You seem to be dissatisfied with 'long' essentially being used with 2 different meanings: the first one being 'long' = long by pronunciation and the second one being 'long' = taking up two morae. Would you feel better if I called latter 'heavy'?Edit: Again, it seems redundant to me, given that the 'other type' of long syllable (i.e. 'long by quantity' or whatever it's called) is so glaringly obvious. Books reading something like: 'A syllable is long if it contains a long vowel...' I would say, "Well, yeah...".
The OLD didn't give any, so I won't bother looking, eitherCan someone give an example of hoc being short?
I think in those cases the loss of the s is compensated by a lengthening of the vowel.I don't mean to belabor this, but there's really no need for a special rule of 'here long but here short'. Like, we know that pēs is from an original *pess, or ēs from original *ess, but when we encounter ēs in Plautus, we don't say that there's some secret phenomenon but that the vowel is simply long.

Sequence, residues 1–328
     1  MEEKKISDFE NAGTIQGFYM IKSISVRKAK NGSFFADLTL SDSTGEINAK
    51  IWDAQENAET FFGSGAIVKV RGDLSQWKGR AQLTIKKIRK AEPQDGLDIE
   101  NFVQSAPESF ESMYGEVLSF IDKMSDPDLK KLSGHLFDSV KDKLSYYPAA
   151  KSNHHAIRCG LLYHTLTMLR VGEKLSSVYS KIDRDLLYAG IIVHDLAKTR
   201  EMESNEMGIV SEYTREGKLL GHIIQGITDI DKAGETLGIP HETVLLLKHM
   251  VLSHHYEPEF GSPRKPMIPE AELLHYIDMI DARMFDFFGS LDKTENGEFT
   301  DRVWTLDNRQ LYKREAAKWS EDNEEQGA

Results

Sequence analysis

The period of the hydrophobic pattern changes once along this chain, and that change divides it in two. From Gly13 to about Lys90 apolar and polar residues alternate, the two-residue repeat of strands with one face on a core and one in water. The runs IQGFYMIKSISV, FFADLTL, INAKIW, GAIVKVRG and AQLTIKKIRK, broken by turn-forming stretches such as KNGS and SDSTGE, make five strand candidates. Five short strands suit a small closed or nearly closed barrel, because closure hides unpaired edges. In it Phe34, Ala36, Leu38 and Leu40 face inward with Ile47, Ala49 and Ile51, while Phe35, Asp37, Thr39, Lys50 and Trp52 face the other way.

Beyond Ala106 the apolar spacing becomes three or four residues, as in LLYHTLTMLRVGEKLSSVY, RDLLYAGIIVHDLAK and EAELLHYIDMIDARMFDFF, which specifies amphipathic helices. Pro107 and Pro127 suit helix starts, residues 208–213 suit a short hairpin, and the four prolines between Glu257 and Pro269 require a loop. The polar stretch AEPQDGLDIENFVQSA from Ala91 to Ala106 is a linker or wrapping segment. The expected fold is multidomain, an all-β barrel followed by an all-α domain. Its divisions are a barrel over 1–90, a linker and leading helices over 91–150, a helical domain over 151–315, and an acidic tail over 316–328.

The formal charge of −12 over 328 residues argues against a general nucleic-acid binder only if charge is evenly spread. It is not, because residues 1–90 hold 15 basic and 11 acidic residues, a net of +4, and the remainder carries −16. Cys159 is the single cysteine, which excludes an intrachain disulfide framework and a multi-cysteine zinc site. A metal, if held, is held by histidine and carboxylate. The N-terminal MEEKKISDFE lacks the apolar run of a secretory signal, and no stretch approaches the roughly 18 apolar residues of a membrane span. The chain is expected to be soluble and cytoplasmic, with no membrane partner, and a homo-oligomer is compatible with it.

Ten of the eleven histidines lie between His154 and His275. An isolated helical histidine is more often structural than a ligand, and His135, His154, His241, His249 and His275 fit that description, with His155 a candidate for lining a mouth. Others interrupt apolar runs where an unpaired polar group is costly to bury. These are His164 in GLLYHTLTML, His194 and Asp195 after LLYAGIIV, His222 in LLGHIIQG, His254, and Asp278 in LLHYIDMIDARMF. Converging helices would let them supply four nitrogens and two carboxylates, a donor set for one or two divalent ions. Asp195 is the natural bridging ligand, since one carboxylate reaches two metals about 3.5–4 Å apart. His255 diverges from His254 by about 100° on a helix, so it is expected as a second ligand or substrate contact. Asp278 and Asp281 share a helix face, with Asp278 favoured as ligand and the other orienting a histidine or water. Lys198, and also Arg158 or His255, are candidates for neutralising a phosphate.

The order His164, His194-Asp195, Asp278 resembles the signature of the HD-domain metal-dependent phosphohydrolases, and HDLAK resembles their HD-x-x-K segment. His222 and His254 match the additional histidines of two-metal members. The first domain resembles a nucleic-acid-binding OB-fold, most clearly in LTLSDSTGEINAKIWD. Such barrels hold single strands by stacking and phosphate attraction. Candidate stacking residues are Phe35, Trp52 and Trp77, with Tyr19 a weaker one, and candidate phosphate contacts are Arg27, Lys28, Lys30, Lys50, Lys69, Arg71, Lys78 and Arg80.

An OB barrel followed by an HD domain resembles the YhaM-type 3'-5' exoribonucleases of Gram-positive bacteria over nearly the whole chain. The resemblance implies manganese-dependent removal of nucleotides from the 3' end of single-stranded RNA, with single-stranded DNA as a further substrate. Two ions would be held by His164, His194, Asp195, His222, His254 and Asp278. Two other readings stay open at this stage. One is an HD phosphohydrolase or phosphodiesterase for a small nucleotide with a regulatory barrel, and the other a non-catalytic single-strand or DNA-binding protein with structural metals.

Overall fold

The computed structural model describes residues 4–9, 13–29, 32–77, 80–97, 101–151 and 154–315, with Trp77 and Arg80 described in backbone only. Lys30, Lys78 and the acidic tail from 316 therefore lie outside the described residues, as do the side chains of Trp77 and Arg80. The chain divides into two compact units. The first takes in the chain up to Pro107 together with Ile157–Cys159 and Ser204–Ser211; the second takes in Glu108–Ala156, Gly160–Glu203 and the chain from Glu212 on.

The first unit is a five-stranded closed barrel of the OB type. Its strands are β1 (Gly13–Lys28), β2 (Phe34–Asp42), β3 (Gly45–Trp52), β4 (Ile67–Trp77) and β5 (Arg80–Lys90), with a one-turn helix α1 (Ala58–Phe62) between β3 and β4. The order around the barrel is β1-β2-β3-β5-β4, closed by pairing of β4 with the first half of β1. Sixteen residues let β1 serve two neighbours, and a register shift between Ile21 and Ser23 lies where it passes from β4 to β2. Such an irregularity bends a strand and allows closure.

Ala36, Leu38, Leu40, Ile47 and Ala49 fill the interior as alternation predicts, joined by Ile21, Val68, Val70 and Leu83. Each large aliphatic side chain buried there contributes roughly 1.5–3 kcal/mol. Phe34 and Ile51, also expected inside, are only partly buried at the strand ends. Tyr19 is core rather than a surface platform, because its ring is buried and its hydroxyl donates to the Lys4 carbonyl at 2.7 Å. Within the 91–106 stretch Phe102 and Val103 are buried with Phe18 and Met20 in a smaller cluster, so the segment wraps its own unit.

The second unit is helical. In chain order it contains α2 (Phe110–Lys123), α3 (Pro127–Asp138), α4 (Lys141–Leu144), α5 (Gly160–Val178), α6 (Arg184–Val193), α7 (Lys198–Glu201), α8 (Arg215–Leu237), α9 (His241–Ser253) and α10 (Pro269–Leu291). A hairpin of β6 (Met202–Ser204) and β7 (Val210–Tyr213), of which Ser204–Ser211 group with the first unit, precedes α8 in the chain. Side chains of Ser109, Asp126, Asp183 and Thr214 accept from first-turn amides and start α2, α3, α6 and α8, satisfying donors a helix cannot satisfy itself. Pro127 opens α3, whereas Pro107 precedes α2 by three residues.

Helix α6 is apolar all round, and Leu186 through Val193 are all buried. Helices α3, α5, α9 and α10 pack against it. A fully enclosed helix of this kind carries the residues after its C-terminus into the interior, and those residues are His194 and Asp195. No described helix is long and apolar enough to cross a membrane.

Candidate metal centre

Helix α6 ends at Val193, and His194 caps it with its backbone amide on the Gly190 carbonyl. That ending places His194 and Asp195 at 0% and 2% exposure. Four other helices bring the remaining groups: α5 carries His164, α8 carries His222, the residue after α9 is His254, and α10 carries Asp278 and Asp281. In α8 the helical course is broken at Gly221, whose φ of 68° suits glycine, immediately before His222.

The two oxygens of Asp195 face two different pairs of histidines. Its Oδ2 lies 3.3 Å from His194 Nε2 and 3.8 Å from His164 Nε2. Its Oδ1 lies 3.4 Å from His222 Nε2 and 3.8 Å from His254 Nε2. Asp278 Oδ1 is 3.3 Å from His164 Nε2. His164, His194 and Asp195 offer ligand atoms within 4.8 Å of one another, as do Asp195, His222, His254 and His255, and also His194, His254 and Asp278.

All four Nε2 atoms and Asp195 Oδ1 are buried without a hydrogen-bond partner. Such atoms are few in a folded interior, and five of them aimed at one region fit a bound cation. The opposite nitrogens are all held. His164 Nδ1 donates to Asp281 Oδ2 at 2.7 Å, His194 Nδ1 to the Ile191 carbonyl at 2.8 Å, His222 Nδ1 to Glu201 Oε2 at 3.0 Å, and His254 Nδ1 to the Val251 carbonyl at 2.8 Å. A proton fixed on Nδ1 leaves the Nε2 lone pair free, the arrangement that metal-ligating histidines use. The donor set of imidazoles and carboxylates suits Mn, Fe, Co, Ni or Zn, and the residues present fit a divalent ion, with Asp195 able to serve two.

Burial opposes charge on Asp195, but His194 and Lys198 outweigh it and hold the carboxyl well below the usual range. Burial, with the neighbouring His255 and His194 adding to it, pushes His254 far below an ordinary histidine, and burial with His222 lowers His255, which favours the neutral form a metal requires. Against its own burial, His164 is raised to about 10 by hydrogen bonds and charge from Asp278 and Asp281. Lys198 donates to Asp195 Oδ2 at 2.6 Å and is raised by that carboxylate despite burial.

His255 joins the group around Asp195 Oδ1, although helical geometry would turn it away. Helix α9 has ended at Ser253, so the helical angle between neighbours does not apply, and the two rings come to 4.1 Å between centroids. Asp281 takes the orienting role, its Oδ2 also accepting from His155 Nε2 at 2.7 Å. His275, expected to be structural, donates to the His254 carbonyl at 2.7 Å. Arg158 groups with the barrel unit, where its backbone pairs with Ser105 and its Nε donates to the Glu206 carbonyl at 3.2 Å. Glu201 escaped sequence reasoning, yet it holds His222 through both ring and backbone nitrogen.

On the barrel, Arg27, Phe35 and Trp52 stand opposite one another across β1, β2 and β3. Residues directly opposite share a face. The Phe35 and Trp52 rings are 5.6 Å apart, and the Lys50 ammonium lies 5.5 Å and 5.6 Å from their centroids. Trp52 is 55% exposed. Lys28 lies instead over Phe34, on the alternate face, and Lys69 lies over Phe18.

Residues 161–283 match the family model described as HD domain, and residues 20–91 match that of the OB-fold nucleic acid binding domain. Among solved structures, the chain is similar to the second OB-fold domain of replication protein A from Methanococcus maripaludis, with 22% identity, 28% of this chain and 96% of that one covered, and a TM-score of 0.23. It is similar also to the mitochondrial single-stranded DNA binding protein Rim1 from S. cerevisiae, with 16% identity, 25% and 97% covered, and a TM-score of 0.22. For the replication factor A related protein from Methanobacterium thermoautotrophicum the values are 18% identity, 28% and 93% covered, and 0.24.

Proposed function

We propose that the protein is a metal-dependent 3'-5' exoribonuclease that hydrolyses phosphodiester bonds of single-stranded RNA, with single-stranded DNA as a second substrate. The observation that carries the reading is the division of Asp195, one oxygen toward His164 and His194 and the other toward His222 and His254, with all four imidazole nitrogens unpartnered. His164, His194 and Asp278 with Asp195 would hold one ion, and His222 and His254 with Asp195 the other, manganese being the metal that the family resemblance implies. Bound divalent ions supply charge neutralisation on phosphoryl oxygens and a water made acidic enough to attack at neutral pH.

It's just in the case of hĭc and hīc, both are of equal standing, no matter the historical reason.
Are you saying that the same is happening in hoc? I.e. that shortening hocce to hoc leads to the vowel becoming long (as opposed to heavy ), i.e. to a different pronunciation of the o in hoc and in hocce?